Latin Lessons in Retail – Africa Take Note

Screen shot 2011-10-11 at 3.21.32 PMWith the death of Hugo Chavez dominating news a while back many commentators continue speculating on the future of Venezuela’s property and retail markets, Will the current Latin Socialism continue? But despite the spread of so called Latin Socialism, Latin America is experiencing free market forces not unlike those influencing much of Africa. Have emerging markets of Africa and Latin America anything in common when it comes to the development of retail space for their growing middle classes.

Africa in general and South Africa in particular has much in common with Latin America’s labour force. Although Asia’s, for example, current competitiveness relies considerably on its working-age population, Latin America and Africa’s outlook for labour force growth is much stronger, as young inhabitants set to join the labour force make up a higher percentage of those continents’ populations.

Like Africa, Latin American consumer demand is rapidly growing and the expanding middle class currently represents about 60% of the total population and approximately 40% of total purchasing power. With demand for newer retail infrastructure increasing, opportunities exist for developers and retailers who seek to expand their consumer base.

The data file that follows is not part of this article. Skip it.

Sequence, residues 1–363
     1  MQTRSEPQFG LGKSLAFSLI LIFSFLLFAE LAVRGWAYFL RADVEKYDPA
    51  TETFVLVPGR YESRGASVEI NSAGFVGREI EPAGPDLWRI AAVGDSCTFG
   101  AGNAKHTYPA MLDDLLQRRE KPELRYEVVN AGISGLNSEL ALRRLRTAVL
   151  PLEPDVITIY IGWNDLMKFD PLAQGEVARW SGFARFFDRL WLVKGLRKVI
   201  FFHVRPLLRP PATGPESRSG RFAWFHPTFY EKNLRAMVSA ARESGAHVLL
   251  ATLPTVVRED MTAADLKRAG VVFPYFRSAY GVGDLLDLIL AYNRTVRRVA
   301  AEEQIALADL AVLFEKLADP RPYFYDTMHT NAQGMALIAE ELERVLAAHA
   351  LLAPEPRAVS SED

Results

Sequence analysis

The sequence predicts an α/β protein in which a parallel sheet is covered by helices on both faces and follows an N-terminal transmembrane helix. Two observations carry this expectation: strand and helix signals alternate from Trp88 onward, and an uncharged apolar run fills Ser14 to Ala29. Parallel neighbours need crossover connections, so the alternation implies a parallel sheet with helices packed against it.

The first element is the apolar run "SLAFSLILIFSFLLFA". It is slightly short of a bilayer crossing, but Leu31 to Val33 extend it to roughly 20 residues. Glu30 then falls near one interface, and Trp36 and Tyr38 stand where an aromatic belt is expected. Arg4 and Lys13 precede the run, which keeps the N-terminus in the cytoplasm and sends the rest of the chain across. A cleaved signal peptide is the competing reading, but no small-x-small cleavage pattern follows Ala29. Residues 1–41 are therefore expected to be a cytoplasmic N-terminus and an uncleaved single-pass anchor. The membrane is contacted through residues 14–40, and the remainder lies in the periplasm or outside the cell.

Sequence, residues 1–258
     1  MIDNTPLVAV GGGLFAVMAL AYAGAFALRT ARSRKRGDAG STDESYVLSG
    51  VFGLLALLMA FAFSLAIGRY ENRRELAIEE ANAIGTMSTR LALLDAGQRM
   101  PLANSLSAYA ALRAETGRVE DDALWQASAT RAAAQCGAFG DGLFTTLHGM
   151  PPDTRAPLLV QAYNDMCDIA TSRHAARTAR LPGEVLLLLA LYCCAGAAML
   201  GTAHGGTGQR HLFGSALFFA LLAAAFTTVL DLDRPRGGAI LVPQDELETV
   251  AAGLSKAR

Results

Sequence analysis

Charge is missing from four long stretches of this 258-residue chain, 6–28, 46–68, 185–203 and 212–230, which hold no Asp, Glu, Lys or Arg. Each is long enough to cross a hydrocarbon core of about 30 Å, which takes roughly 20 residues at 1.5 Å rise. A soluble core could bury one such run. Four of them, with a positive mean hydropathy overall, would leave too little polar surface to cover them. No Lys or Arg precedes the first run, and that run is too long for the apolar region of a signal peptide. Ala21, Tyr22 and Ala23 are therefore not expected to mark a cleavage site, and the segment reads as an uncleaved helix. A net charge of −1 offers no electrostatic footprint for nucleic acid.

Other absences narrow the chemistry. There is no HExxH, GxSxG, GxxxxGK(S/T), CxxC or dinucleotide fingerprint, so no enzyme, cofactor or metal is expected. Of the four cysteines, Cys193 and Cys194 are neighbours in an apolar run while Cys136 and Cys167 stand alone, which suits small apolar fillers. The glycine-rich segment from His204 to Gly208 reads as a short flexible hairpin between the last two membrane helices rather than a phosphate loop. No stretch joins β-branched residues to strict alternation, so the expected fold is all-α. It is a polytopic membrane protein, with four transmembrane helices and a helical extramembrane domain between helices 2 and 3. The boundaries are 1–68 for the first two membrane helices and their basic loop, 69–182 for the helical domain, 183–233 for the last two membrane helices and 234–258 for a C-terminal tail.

However, people are asking questions about whether the emerging African middle class is as big as the experts believe. Rapid urbanisation rates are pushing up potential consumer numbers but not necessarily incomes. These factors, among many others, are inhibiting the intention of developers and retailers to build critical mass quickly in African markets. It may still be a while before their high expectations manifest in the real world.

In Latin America however, development is increasing shopping centre space. In most of the region’s countries, traditional high street retail has gradually deteriorated as retail markets mature, with retailers migrating toward shopping centres. This has for some time been considered one of the drawbacks of the shopping centre invasion. Small businesses are seen to suffer and local decay of commercial real estate creeps in. This seems to be universal, with stark examples in both Africa and Latin America.